Future of Cryptocurrency after Brexit

Is Europe more attractive to Crypto Exchanges than UK after Brexit ?

Binance was another crypto exchange that was founded in China, but relocated because of the ban. The company, which is now the largest crypto exchange in the world by trading volume, is also looking to expand to Malta.

Just as intriguing is the company’s decision to open a crypto exchange in Jersey, a self-regulating dependency of the UK. The exchange offers fiat-to-crypto trading, allowing users to buy and sell Bitcoin and Ethereum with pounds and euros. Binance officials have indicated that the move was partly motivated by the upcoming Brexit.

“Expanding the cryptocurrency exchange markets with fiat currencies in the European region is opening new economic opportunities for Europeans as well as freedom from looming Brexit uncertainty where the pound and euro are also in concern,” Binance chief financial officer Wei Zhou commented, as quoted by Forbes. “Through Binance Jersey, we want to help bridge the crypto-fiat channel for Europe and the U.K. as part of our global expansion to support broader cryptocurrency adoption.”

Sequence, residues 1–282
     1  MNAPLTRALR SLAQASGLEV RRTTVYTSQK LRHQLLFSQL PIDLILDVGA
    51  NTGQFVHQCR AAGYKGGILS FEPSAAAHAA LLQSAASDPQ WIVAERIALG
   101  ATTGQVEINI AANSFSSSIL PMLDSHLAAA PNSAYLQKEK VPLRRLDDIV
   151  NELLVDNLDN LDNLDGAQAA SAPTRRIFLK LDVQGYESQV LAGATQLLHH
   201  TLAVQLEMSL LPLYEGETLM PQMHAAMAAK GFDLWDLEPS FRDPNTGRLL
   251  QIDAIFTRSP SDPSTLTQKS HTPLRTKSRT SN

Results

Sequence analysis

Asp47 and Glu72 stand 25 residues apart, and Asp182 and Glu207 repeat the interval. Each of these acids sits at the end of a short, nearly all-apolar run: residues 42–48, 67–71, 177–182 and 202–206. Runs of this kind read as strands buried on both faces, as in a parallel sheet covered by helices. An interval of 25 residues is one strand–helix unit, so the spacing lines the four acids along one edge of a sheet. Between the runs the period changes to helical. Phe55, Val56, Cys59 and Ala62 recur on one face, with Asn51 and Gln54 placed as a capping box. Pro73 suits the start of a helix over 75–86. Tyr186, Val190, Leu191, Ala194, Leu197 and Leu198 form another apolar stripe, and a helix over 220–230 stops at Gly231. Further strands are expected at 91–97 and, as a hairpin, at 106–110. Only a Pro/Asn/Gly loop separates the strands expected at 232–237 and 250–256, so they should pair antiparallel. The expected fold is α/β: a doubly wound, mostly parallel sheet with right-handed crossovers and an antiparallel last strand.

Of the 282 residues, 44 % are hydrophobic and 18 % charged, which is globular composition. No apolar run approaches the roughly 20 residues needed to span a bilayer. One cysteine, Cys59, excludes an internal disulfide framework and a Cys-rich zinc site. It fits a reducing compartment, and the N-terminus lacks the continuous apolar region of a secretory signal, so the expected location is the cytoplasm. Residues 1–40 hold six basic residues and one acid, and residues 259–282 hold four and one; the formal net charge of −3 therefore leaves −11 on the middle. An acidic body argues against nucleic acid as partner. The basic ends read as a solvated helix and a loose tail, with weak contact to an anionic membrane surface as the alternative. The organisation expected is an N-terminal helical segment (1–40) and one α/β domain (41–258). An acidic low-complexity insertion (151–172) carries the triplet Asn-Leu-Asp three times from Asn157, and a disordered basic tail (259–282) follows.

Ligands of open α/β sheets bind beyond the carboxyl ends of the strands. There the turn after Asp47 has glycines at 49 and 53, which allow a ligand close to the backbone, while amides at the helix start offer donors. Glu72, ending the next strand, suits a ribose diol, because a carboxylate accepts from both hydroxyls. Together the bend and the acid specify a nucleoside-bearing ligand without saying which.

Crypto Exchanges Contingency Plan post Brexit

All this doesn’t mean that crypto exchanges are unconcerned with the level of regulatory oversight under which they are operating. Both Binance and OKEx have openly admitted that they have been attracted to places like Malta and Jersey because of the blockchain and crypto-friendly frameworks existing in those jurisdictions. Binance has reportedly faced legal problems regarding its offices in Japan and Hong Kong, which has likely played a significant part in its decision to move to Europe.

But when it comes to regulation, these exchanges seem to have in mind an alternative solution: DEX.

Decentralised exchanges are seen by many as the ultimate evolution of cryptocurrency trading. Running on a blockchain, such platforms are able to facilitate peer-to-peer, crypto-to-crypto trading, but, at the same time, are not controlled by a central entity. In theory, this brings benefits such as user anonymity, better security against hacker attacks, faster transactions and, of course, higher resistance to regulatory pressure.

Binance, OKEx and Huobi are already working their own proprietary blockchains, as part of their respective plans to launch DEX platforms. Binance launched a testnet for it DEX earlier this year, while OKEx plans to make a similar move in the summer. Apart from these three majors, a number of smaller projects, such as IDEX, OasisDex, Radar Relay and 0x, already offer a taste of decentralised crypto trading. The majority of existing DEX projects are running on already established public blockchains, such as Ethereum, EOS and NEO. With big exchanges starting to jump on the bandwagon, it seems like DEX will truly be the name of the game for cryptocurrency trading.